Reflections

I was looking through some emails from September 2017, just over three years ago, and I was surprised at what I found. I suppose when you live your life you don’t really notice the changes that are going on around you or for that matter within you. These emails were exchanged with a close friend who has subsequently given me huge support through my transition. She and her partner have been completely non-judgemental throughout.

What surprised me was that in September 2017 the question of transitioning was still a matter for discussion. I knew I was trans as did my friends. Yet the question was raised, “You are not out to the world, maybe it is something you you need to dip in and out of”? That just seems so strange three years later. Yet then I had not found a sympathetic Doctor, I was in reality only out to my close friends, one of my children, definitely not at work so she was raising a legitimate question of whether I needed to continue in that situation, that I was not ready to move on despite what I was saying.

I describe my gender dysphoria as being like a runaway train, something unstoppable. I say this especially when people say, kindly, you are so brave. I think they really mean mad. But that is what it  was like for me. However much I was scared of being rejected, of being made fun off or ridiculed transition was inevitable. The fact I was scared delayed the inevitable, yet it was never going to stop me transitioning.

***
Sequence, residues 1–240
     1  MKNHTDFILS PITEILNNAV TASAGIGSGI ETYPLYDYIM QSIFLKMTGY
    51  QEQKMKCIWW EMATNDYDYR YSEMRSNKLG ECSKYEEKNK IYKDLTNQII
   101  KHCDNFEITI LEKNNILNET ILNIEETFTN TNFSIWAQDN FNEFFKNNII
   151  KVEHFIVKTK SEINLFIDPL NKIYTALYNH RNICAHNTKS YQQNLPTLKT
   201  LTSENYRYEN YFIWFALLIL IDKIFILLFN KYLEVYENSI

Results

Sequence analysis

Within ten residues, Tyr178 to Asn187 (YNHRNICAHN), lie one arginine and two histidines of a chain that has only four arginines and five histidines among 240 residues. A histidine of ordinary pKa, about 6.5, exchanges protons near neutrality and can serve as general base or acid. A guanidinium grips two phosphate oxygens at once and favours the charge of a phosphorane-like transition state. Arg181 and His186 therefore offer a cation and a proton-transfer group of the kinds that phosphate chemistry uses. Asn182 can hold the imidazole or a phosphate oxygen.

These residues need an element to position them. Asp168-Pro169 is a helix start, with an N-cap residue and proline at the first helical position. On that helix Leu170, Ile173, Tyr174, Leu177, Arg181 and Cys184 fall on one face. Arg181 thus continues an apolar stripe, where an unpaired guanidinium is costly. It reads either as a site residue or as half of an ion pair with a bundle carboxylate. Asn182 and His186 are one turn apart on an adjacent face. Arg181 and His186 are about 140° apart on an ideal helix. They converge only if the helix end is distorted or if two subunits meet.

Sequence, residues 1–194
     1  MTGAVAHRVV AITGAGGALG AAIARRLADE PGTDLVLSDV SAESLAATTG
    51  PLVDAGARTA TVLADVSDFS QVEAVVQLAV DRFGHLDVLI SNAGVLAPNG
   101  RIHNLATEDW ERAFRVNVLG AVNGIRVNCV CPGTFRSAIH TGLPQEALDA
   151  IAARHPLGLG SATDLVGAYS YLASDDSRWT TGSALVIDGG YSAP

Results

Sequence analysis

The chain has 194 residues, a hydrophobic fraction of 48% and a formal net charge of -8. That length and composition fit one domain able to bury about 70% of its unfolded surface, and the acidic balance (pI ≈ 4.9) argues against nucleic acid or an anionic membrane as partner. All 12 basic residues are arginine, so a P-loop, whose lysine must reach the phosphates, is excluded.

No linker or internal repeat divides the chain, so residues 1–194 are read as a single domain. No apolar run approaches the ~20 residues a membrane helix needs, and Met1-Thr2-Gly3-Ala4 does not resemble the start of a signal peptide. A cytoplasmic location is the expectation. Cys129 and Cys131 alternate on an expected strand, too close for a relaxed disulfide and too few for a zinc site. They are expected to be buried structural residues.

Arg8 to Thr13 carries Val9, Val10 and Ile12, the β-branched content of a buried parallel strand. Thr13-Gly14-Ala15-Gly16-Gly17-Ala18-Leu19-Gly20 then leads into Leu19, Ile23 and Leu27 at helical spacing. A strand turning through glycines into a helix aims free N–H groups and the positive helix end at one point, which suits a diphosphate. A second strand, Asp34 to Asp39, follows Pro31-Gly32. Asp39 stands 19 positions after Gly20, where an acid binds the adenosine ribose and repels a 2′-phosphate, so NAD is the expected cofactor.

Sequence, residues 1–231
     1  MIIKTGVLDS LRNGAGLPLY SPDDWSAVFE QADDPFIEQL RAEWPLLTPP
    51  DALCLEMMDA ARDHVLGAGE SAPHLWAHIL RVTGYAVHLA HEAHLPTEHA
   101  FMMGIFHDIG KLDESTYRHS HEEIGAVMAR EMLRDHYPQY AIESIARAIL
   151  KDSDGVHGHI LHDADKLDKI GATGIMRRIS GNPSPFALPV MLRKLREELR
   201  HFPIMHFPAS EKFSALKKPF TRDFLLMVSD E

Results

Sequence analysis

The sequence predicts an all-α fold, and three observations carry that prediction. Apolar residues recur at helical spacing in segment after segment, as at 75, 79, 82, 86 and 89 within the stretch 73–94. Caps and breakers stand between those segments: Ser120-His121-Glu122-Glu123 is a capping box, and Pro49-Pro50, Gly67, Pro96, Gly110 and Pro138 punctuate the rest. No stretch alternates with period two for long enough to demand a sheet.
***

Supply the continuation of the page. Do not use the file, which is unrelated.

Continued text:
A few months later I moved in and lived with my friends sharing a house. When I was at home I always presented as myself and was treated as female at all times. I still had to travel to work and did so still in my male persona. Over the months the balanced tipped and it started to feel strange going out in male clothes. Because I had moved I needed to change Doctors and was lucky enough to find a GP who did not have an issue with Transgender patients and she was willing to supply my prescribed HRT on the NHS.

Progressively over the next two years my male persona diminished and my comfort levels grew as I my confidence increased. Throughout this time my friends were one hundred per cent supportive, offering me guidance yet not pushing me. Their understanding was phenomenal. Over the next two years I picked off people and told them I was transgender until by the end of last year I had come out to everyone important to me including work colleagues. I had the continued support of my friends throughout. In the same period I saw the Consultant Psychiatrist and Consultant Endocrinologist to get a referral  for surgery and steadily progressed through my transition.

Then for work reasons it became sensible for me to move further west to be closer and cut down on the travelling, so I found a place to rent of my own and moved in.

Taking stock, today I am fully transitioned living “me” in every facet of my life. All my official papers are changed including my new passport. There are a few people who still use my old name or get the pronouns wrong. Frankly that is there problem I am me and I know who I am. Things have changed so much I find it hard to remember I was once leading a different life. It has been a real surprise to me that it is only just over three years ago that I was still resistant about making the transition. A day of reflection on the past few years.

I owe a huge debt to my friends for giving me their support and allowing me the space to find myself.

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